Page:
March 2012
Volume 53, Issue 14
ARVO Annual Meeting Abstract  |   March 2012
Cone Distribution Variations across Young Healthy Subjects
Author Affiliations & Notes
  • Ann E. Elsner
    Optometry, Indiana University, Bloomington, Indiana
  • Toco Y. Chui
    Optometry, Indiana University, Bloomington, Indiana
  • Lei Feng
    Eye center, Second Affiliated Hospital, College of Medicine, Zhejiang University, Zhejiang, China
  • Stephen A. Burns
    Optometry, Indiana University, Bloomington, Indiana
  • Footnotes
    Commercial Relationships  Ann E. Elsner, None; Toco Y. Chui, None; Lei Feng, None; Stephen A. Burns, None
  • Footnotes
    Support  NIH Grant EY007624, NIH Grant EY004395, NIH Grant P3019008
Investigative Ophthalmology & Visual Science March 2012, Vol.53, 4645. doi:
  • Views
  • Share
  • Tools
    • Alerts
      This feature is available to authenticated users only.
      Sign In or Create an Account ×
    • Get Citation

      Ann E. Elsner, Toco Y. Chui, Lei Feng, Stephen A. Burns; Cone Distribution Variations across Young Healthy Subjects. Invest. Ophthalmol. Vis. Sci. 2012;53(14):4645.

      Download citation file:

      © ARVO (1962-2015); The Authors (2016-present)

  • Supplements

Purpose: : To quantify the individual differences in cone distribution variations in young, healthy subjects, minimizing the previously reported effects of refractive error and eye length, aging, and disease on cone distribution.

Methods: : Seventeen subjects were recruited with these criteria: 18 - 35 yr of age, normal fundus, refractive error ≤ +3 D, and axial length ≤ 26 mm. Cone densities were assessed using a second generation Adaptive Optics Scanning Laser Ophthalmoscope, with samples of 820 to 840 nm +/- 20 nm at 185 microwatts covering 530 x 550 microns of the retina. Samples formed a + shape around the fovea, then were montaged. Cones were measured at a nominal 270, 630, 1480, and 2070 microns from the foveal center with custom software (Matlab, Mathworks) To avoid potential artifact in counting the cones due to shadowing from large retinal vessels, the temporal data were used. Axial length measurements were used to correct both the cone sampling positions and retinal area in mm2 (IOL Master, Zeiss Meditec).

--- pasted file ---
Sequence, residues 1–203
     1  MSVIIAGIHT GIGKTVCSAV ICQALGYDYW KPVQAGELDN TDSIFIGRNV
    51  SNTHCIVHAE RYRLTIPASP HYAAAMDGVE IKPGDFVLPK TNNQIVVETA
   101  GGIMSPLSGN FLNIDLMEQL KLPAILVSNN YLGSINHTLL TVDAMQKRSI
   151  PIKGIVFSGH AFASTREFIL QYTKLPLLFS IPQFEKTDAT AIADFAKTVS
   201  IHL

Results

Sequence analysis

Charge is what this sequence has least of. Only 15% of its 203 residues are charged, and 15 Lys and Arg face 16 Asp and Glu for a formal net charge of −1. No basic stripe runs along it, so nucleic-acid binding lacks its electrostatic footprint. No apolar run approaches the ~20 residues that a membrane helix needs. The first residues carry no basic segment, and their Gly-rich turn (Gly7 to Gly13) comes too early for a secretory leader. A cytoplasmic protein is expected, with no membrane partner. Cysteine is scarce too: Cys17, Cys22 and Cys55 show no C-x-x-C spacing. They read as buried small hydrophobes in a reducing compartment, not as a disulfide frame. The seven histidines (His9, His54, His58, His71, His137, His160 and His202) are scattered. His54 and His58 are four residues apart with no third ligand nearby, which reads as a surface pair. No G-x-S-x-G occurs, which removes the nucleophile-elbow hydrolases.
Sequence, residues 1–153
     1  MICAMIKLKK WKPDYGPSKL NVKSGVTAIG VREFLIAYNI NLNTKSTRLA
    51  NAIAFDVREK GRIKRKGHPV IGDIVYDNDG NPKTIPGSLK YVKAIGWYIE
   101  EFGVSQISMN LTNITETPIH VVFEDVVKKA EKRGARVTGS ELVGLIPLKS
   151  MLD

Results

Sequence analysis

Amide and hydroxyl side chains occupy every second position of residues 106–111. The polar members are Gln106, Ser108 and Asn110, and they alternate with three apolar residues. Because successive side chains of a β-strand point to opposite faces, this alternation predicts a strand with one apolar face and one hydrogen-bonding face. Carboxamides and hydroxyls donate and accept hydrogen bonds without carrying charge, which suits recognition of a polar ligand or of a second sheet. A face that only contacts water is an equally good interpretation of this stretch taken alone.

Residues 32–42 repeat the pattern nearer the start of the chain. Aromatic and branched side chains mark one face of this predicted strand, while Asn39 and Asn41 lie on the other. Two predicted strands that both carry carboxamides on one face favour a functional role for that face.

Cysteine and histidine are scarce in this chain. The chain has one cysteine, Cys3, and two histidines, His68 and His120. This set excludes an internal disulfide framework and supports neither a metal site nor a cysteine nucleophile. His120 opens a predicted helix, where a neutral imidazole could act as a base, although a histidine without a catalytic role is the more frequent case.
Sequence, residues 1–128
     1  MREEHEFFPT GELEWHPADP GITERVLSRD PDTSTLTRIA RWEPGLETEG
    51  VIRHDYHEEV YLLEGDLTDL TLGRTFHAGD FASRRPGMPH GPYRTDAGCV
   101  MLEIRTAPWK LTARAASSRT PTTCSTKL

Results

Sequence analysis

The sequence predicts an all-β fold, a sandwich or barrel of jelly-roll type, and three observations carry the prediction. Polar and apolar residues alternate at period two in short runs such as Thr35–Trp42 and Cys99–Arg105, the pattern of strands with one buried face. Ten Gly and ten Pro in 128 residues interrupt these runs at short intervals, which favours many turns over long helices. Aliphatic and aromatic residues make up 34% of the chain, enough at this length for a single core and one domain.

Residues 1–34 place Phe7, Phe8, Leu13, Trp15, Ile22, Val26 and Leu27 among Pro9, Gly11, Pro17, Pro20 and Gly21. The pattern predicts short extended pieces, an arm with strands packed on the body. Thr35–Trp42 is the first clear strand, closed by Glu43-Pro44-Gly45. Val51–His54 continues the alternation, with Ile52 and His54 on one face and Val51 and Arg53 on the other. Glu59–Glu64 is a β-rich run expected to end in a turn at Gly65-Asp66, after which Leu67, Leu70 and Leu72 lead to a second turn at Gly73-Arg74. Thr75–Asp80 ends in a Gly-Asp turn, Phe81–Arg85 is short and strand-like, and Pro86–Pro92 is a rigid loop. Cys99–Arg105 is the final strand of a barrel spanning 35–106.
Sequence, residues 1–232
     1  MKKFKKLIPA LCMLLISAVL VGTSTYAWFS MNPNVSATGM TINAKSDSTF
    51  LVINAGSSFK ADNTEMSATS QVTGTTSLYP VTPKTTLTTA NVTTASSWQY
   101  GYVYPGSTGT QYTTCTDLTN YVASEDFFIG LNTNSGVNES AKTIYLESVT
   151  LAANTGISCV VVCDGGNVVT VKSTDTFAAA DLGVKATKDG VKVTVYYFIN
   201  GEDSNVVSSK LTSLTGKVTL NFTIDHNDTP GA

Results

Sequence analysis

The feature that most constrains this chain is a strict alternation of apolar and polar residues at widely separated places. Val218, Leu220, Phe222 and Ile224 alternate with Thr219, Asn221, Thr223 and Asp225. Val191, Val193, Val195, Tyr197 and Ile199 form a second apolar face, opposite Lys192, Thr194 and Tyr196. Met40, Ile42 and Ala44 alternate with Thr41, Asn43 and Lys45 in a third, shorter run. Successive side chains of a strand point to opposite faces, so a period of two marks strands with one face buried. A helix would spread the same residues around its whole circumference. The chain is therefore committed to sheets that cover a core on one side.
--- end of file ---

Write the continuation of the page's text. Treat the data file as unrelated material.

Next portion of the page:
Results: : Cone densities varied across subjects at all 4 positions, with a roughly 2:1 variation from maximum to minimum. Samples of particular interest are: A) 630 microns (28700 + 3600 cones/mm2), which is in a cone rich area but not in the central fovea where large aging changes occur and B) 2070 microns (11700 + 1530 cones/mm2), which is 7 deg eccentric and where rods begin to outnumber cones. The coefficients of variation were similar, 0.125 vs. 0.131; the normalized variances were not significantly different (F =1.101, p = 0.459). Cone density at the two regions was not strongly correlated and had a slope of 0.974, R2 = .114, P = .200). However, linear regression showed that the eyes with the higher cone densities at 630 microns had lower values for the ratio of cones at 2070: cones at 630, r2 = .632, p = .0002.

Conclusions: : In young, healthy eyes that are not strongly ametropic, there are still sizeable individual differences in cone densities. The lack of a constant ratio between more central and more peripheral cone densities indicates that there is not a nomogram for cone density vs. eccentricity that scales across individuals. Instead, cones from outside the fovea are likely lower in numbers when a larger proportion have migrated to provide foveal specialization.

Keywords: photoreceptors • imaging/image analysis: non-clinical • visual fields 

This PDF is available to Subscribers Only

Sign in or purchase a subscription to access this content. ×

You must be signed into an individual account to use this feature.